Maria Cardona, a spokeswoman for the Justice Department's Immigration and Naturalization Service (INS) denied that there had been any coordination with the Cuban government over Elian's fate.

"As we do with any other case that involves more than one agency, these e-mails were talking about all communication going through official channels, which in this case was the State Department," Miss Cardona said.

"It was in no way, shape or form about coordinating with the Cuban government. We are not in the habit of coordinating anything with governments with which we do not have diplomatic relations," she said.

A State Department official, speaking on the condition of anonymity, was livid over a report in Wednesday's editions of The Washington Times, which quoted a Jan. 19 e-mail message from an INS official.

The message, titled: "Re: Daily conference calls re: Elian," says "[Department of State] wants to have a daily conference call to coordinate press guidance and communications with the Cubans."

The message shows regular contact between Washington and Havana prior to a January visit by Elian's two grandmothers to the United States.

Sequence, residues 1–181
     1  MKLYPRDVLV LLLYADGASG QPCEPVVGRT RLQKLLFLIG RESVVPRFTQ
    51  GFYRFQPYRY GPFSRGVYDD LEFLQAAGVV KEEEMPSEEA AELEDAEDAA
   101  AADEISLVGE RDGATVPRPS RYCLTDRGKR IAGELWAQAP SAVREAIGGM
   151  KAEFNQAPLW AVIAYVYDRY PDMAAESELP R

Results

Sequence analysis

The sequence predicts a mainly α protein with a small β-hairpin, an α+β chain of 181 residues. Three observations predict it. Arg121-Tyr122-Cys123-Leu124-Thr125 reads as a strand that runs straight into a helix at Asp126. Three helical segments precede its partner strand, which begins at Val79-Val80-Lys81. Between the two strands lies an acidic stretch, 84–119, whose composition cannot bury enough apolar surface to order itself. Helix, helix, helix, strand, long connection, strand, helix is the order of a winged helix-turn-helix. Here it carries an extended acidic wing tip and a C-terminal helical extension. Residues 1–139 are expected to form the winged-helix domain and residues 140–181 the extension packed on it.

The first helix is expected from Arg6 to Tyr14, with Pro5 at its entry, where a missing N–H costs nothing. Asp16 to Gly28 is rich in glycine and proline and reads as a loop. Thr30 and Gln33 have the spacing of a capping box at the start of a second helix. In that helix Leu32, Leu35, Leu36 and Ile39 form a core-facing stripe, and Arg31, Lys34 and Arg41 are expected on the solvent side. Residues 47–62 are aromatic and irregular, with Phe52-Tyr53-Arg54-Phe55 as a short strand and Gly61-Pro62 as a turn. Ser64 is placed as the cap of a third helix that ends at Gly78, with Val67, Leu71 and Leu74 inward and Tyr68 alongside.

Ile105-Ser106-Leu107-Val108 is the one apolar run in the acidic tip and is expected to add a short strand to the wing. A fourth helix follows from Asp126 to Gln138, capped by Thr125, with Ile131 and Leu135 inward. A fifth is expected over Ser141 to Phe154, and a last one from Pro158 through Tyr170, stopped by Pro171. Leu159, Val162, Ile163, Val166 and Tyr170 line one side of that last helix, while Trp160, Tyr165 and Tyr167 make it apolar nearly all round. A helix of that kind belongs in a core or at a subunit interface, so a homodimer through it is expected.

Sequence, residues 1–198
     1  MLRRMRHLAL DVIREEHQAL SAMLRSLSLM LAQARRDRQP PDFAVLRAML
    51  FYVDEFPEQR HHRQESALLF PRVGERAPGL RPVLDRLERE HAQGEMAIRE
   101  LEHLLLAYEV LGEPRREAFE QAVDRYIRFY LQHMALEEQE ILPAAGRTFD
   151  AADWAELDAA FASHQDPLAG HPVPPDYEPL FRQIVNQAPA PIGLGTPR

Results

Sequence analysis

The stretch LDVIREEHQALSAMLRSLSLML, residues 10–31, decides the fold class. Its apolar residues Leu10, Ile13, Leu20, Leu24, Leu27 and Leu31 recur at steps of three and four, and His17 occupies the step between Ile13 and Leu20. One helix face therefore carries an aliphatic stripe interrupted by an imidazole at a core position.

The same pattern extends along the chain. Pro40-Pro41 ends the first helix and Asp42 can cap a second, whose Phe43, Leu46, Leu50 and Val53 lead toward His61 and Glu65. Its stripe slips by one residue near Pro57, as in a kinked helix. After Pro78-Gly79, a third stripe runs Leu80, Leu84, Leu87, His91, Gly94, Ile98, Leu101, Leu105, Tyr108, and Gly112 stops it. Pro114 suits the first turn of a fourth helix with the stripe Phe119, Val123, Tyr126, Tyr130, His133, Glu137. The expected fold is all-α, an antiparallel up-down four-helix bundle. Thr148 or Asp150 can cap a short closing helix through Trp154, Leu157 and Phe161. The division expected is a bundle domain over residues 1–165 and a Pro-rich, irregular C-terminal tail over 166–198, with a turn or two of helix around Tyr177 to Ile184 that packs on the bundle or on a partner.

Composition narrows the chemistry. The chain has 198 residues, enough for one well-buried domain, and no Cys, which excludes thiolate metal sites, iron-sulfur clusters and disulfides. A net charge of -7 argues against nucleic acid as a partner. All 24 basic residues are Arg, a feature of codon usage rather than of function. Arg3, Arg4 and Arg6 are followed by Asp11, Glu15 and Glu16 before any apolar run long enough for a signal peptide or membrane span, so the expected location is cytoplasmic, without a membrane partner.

But the State Department official denied any connection between U.S.-Cuban contacts and decisions in Washington on what to tell the news media.

"That interpretation of the e-mail is wrong. We did everything by the book. We were very careful to do everything properly. We did not coordinate press guidance or anything with the Cuban government."

Some Democrats on the Judiciary Committee denounced the subpoena as a new fishing expedition, but said they would not try to interfere or prevent Mr. Hatch from calling a hearing on the raid.

"I suppose there is nothing new about this committee making the Justice Department the villain, but I think it is particularly inappropriate in this matter," said Sen. Patrick J. Leahy of Vermont, the senior Democrat on the panel.

"In my view, the department has, to a striking degree, handled this matter in a way that was beyond politics," he said.

But to opponents of Cuba's communist government, the White House effort to send Elian back after his dramatic rescue at sea from an ill-fated voyage that killed his mother and 10 other refugees marked the ultimate sellout to Fidel Castro.

The passions ignited by the Elian saga flared again Thursday after the INS returned Cuban baseball star Andy Morales, who along with 30 other Cubans was picked up by the Coast Guard off Key West, Fla., on May 31.